CHICAGO -- The Cubs came out of a rebuild and emerged as contenders and World Series champions under the front office led by Theo Epstein and Jed Hoyer. Now, the team has reached a critical point in its timeline.
Hoyer has now moved up to president of baseball operations from general manager -- following Epstein's exit last week -- and he is tasked with a challenging situation. The goal is to keep the Cubs among the annual October contenders, while working on building for the team's future.
"We face a new challenge," Hoyer said Monday, "imposed by the reality of our player service time and the realities of our world in 2020. As with all the challenges we have faced here, we will study them, we will use our collective experience, and then we will move boldly to do what is in the best interest of the Cubs."
Here are three pressing questions facing Hoyer:
1. Is the goal to contend in 2021 or build for the future?
Both, and that can be a difficult route for a team to take.
The "player service time" realities that Hoyer mentioned relate to the fact that Javier Báez, Kris Bryant, Anthony Rizzo and Kyle Schwarber are all on pace for free agency next winter. Willson Contreras could follow suit after the 2022 season. Trading from that group could help build for the future.
There is also the fact that the Cubs are entering '21 as the National League Central champions and the division looks very much up for grabs again. Chicago had injuries to its rotation, dramatic bullpen issues early on and extreme offensive problems from key players in '20. Still, the Cubs won the division.
So maybe the Cubs can subtract from their roster -- addressing some future needs in the process -- and still field a playoff-caliber team in '21. Hoyer said that is what he will try to balance as he takes over the front office's lead role.
"Making the playoffs is special, and it does give you a shot to win," Hoyer said. "I don't think every single year you could put together a team that is the favorite to win the World Series. I don't think that's possible, and I think that's probably a fool's errand.
"But I think given our resources and I think given our talent level, I think we should field a team that's playoff-worthy every single year. And I think we can do that and have a team that's positioned long-term as well."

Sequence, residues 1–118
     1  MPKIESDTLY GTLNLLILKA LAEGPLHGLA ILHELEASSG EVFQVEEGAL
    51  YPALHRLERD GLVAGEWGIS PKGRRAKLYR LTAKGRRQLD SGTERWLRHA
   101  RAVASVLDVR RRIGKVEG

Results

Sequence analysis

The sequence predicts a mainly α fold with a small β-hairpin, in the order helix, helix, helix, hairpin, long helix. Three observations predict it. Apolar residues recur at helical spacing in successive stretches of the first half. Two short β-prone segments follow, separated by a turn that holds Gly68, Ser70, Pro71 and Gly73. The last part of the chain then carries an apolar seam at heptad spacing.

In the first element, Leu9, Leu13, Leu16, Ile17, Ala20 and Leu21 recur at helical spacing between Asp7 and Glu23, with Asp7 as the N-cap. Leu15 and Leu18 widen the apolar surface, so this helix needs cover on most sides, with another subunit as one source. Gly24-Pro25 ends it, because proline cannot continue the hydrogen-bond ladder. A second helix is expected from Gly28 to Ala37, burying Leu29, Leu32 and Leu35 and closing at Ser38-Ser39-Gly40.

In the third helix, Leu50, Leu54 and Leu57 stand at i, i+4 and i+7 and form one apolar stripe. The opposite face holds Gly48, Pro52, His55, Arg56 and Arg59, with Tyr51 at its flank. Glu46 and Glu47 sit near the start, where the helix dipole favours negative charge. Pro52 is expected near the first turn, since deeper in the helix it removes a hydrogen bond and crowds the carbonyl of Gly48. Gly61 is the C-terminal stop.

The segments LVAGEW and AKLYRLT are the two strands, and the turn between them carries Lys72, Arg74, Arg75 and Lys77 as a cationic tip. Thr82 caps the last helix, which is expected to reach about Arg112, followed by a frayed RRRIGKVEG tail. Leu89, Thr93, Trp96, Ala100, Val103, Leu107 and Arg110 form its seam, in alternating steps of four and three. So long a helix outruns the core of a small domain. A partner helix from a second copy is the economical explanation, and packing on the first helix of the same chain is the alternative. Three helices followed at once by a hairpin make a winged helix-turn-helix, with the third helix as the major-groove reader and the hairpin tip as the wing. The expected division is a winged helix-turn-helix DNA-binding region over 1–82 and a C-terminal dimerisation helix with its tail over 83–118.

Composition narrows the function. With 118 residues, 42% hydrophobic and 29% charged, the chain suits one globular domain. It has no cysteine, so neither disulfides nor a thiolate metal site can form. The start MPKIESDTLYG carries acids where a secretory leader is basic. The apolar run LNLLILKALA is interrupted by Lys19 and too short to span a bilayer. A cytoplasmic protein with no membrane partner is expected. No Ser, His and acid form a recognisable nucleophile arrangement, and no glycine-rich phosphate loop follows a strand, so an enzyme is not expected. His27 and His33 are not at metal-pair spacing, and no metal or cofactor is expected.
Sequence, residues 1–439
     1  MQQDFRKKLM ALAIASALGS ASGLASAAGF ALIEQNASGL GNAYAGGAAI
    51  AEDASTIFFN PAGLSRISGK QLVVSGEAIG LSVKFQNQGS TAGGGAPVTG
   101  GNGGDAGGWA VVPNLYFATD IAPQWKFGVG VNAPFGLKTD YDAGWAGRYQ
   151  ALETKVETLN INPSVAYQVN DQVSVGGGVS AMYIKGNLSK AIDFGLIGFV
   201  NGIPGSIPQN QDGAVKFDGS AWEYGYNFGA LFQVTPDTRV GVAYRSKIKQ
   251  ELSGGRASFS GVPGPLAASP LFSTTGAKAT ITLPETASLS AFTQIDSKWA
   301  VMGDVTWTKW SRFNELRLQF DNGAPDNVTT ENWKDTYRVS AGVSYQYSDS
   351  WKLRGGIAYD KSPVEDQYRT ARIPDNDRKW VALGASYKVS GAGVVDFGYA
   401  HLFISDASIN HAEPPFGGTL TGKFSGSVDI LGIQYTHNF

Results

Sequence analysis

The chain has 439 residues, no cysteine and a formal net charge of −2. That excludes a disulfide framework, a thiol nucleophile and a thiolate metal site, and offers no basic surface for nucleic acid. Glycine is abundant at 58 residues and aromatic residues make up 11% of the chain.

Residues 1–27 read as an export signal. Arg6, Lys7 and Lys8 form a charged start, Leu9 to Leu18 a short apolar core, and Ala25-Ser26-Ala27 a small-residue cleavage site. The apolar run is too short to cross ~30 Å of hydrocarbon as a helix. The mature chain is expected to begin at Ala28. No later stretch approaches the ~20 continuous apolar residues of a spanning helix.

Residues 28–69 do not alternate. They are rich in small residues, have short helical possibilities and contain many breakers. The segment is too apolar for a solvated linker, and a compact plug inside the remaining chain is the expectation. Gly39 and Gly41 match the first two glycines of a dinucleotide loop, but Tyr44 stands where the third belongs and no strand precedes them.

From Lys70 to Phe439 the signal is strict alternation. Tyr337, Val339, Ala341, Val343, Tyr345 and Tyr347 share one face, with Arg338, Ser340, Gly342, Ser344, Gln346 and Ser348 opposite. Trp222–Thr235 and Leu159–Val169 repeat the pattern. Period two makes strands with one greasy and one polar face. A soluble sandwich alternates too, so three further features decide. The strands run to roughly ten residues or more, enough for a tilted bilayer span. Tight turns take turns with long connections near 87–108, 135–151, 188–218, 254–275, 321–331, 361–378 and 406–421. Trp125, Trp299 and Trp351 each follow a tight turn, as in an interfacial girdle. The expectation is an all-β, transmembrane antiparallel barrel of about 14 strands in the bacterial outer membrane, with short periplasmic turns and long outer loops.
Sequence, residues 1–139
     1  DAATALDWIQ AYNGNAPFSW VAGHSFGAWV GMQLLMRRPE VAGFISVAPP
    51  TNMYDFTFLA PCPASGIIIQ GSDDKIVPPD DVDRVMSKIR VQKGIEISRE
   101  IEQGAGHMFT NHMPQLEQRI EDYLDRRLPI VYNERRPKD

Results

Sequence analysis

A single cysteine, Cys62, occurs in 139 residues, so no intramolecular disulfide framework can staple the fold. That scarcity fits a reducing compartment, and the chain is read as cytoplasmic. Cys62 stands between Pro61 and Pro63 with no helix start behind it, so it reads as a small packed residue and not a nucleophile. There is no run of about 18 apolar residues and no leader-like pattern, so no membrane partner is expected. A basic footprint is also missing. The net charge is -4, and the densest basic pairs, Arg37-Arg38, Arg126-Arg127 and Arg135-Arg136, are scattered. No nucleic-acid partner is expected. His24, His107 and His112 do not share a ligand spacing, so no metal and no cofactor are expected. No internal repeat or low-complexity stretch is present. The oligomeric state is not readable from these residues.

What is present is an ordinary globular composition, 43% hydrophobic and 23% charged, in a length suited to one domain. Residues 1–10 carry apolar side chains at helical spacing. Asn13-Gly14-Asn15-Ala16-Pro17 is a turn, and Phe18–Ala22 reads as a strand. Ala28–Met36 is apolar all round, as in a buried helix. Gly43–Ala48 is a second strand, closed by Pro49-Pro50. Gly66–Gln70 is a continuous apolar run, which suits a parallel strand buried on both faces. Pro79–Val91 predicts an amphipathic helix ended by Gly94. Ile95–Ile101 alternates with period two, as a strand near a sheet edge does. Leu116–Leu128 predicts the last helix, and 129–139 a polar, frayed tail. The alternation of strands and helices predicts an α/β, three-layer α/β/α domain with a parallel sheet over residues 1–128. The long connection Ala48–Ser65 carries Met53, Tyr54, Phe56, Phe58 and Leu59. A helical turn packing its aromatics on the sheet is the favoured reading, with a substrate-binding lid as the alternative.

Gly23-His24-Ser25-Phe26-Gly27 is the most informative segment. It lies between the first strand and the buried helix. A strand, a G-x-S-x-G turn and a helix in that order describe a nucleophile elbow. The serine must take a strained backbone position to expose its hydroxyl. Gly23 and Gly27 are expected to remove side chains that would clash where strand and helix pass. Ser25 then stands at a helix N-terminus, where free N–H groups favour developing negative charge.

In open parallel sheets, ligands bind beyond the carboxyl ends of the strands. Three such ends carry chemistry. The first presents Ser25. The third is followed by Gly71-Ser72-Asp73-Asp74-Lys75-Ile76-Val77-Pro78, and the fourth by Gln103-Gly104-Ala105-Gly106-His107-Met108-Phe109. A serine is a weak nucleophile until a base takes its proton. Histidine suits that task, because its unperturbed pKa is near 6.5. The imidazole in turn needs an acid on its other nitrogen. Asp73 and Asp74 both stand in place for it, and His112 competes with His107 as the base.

2. Do the Cubs need to make moves to free up payroll?
Teams around baseball have been hit hard financially by the COVID-19 pandemic. The Cubs were no exception, and the losses contributed to layoffs across multiple departments within the ballclub.
With so many uncertainties still in play for the 2021 season, Hoyer said there is no firm budget ceiling just yet. Instead, his discussions with ownership have led to a payroll "range," though Hoyer would not delve into specifics about where the numbers fall.
"We have so many different questions about what life's going to look like in the summer of '21," Hoyer said. "So we have a range that we have discussed. But certainly we haven't been able to really nail anything down specifically. And I think that goes for almost everybody.
"It makes sense that, given the realities of our world right now, there has to be a range because of that uncertainty. So we've had discussions and we'll keep having discussions as we gain more information."
Hoyer would not comment about whether there could be a surprising non-tender decision or get into specifics about player trades. What Hoyer did reiterate and emphasize was the need to keep an eye on the future, which would seem to indicate that moves could loom to get more cost-effective pieces in the fold.
The frustrations with the Cubs' lineup are heightened by the fact that there have been little changes to the group in the past few winters. And as the cast has remained relatively the same, the contact rate has gone from 76 percent in '18 to 73.8 percent in '19 to 72.8 percent in '20. Unsurprisingly, the strikeout rate climbed in each of the past two years as well.
The current construction of the roster leaves few holes to fill for '21, barring some trades in the name of both roster and payroll flexibility. Somehow, some way, the Cubs need to shake things up with their offense, especially with a long-term vision in mind.
"We want to look and feel and perform different than we have the last few years," Hoyer said. "So I can't define 'significant' as you might define it, but do I think we need to be different as an offense? No question. And I think we have to identify some of the things we've done poorly and we have to work to improve them.
"That is this game. You're always tackling a new challenge. Nothing's ever perfect. You never have a perfect roster. You never have a perfect situation. And right now, the thing that we're trying to figure out is why we struggle offensively, given the players we have. So, yes, I do think the offense will look different next year."